City’s hospital leaders warn health law changes could lead to job cuts
Mayor Martin J. Walsh sat down Friday with leaders of the city’s biggest hospitals to talk about the potential impact of a repeal of President Obama’s signature health care law. What he heard wasn’t comforting.
The executives told Walsh that policies Republicans in Washington are considering to replace the Affordable Care Act could destabilize their organizations and lead to job cuts. Hospitals are among the city’s largest private employers and a powerful engine driving the local economy.
President Donald Trump and Republican leaders in Congress are moving to dismantle the national health law, also known as Obamacare. Their replacement plan could result in cuts to Medicaid, the federal-state program that funds health care for low-income Americans and accounts for a big share of hospital revenue.
“It will destabilize all of us,” said Peter Healy, president of Beth Israel Deaconess Medical Center. “We would all be having job losses.”
Sandra L. Fenwick, chief executive of Boston Children’s Hospital, said she’s worried Congress will “rush to get something done with a lack of knowledge about unintended consequences.”
Also meeting with the mayor were the leaders of Boston Medical Center, Brigham and Women’s Hospital, Carney Hospital, Dana-Farber Cancer Institute, Massachusetts General Hospital, New England Baptist Hospital, and Tufts Medical Center.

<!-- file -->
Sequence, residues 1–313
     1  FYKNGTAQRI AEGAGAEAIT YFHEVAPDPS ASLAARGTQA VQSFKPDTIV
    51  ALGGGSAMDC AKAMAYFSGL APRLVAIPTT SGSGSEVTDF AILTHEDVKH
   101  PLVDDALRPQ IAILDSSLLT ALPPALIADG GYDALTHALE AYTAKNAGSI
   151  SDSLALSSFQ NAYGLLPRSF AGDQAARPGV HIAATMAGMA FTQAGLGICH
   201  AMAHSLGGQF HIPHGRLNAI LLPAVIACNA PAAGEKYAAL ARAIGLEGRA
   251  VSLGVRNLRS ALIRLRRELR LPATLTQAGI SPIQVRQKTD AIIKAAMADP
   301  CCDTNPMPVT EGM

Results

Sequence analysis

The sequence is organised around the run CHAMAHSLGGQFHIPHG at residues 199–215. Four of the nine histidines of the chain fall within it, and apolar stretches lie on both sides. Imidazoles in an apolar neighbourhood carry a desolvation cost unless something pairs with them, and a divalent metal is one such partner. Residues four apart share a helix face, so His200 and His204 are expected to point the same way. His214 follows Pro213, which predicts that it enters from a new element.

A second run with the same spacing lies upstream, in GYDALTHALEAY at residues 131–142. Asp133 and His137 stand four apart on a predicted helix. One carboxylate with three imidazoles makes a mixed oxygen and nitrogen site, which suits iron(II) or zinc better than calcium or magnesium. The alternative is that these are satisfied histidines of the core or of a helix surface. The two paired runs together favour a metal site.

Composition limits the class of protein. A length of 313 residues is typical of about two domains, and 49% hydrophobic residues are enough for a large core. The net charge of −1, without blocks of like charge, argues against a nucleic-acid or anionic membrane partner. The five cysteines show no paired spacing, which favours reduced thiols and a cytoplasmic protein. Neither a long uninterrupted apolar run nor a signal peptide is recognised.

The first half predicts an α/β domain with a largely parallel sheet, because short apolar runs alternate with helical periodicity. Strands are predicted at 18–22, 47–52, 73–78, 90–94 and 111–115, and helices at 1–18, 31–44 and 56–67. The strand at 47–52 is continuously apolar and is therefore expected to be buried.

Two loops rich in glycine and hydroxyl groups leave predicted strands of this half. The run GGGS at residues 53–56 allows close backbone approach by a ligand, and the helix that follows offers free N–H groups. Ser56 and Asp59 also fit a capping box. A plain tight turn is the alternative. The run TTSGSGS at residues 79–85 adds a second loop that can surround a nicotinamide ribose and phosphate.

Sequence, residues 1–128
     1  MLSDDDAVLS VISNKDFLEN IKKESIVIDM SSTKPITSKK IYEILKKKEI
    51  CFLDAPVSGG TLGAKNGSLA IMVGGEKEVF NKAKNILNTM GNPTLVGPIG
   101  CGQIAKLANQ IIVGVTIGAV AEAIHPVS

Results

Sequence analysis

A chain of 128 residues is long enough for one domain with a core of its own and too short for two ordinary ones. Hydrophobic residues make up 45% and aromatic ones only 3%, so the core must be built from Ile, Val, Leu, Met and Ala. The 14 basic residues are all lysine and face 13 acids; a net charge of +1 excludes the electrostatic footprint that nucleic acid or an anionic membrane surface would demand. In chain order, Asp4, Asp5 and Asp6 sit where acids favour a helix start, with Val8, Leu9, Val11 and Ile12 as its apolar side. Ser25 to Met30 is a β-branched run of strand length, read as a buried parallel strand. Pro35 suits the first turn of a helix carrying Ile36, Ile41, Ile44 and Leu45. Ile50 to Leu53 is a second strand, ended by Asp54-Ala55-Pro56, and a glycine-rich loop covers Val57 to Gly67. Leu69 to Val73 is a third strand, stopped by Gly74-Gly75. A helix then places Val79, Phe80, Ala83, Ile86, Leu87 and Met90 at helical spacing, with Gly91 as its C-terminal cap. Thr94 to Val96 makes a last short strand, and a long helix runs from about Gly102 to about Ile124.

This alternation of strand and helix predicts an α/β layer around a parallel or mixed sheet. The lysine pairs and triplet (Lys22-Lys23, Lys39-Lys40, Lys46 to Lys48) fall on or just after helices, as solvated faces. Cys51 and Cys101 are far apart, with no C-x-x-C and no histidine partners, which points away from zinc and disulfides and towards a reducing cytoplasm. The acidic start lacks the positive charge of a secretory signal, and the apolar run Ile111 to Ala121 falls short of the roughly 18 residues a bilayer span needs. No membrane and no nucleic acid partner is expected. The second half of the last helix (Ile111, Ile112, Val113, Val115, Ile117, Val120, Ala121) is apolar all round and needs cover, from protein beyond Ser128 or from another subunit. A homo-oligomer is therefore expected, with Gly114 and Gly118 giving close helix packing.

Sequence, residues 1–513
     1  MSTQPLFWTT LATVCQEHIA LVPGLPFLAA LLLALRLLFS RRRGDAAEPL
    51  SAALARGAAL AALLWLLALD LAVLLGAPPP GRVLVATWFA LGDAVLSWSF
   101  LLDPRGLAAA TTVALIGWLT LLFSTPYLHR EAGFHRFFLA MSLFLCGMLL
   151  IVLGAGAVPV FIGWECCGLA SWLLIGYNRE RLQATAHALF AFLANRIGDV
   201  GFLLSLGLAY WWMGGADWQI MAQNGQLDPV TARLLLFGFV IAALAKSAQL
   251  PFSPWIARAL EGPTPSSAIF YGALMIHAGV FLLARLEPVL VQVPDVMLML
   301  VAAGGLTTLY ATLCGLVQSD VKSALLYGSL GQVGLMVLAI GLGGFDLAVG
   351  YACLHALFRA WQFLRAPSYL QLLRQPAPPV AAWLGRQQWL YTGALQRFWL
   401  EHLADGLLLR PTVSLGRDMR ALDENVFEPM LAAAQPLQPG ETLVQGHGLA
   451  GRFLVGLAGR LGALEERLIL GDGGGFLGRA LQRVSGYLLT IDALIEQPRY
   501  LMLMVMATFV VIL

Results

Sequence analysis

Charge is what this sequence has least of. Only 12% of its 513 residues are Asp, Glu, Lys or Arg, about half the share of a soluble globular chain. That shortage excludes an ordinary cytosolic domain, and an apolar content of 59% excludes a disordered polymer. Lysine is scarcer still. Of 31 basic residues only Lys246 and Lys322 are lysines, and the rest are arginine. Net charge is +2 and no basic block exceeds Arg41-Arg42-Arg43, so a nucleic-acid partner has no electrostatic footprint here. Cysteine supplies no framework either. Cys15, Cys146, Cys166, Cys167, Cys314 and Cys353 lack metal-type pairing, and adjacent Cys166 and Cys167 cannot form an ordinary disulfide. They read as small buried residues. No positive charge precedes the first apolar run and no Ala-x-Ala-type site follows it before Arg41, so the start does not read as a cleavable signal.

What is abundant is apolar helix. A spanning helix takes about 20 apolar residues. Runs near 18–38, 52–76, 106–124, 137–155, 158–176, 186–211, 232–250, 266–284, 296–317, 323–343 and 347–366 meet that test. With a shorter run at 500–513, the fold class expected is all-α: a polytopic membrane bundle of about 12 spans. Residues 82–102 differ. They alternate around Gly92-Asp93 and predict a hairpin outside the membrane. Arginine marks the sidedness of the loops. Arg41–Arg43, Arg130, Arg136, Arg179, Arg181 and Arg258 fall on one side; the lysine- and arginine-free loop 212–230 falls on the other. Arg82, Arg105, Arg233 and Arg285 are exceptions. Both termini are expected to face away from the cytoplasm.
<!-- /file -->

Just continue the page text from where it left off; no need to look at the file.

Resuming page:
Walsh said he convened the group to understand their worries about an Obamacare repeal, and he promised to share those concerns with his counterparts in other cities through the US Conference of Mayors. Walsh chairs the conference’s health committee.
“What role do you want me to play?” Walsh asked the hospital chiefs. “I’m all in... All of your hospitals are an integral part of our city.”
Hospitals throughout the country have gained new business from the current health care law, which helped 20 million Americans gain health coverage, either through Medicaid or commercial insurers. But in some states, some insurers have stopped participating in the program, and the costs of many health plans have jumped.
Massachusetts hospital leaders have been following the news from Washington voraciously since the November election, trying to grasp what new health policies may be enacted. Much uncertainty remains.
Dr. Michael Wagner, chief executive of Tufts Medical Center, said Tufts — like many other hospitals — has been adopting new contracts with insurers that reward health care providers for coordinating patient care and trying to keep patients healthy, instead of rewarding them for every service and procedure. The Obama administration promoted this shift, but Wagner said he’s worried the new administration won’t do the same.
“There are assumptions we’ve been working under for a number of years to make care work better,” he said. “Basically, all of that work is being undone.”
Hospital leaders are also unsure about the future of an agreement between state and federal officials that secures more than $29 billion in federal funding over five years for the Massachusetts Medicaid program, known as MassHealth. The agreement was completed during the last months of the Obama administration, but the new administration could seek to rework the deal.
Boston Medical Center, which treats an especially high number of poor and low-income patients, would be among the hardest hit by such a change.
“The notion that this could be pulled out from under us abruptly by a new federal administration, even though it’s been approved for five years, is really what worries us the most,” said Kate Walsh, chief executive of BMC.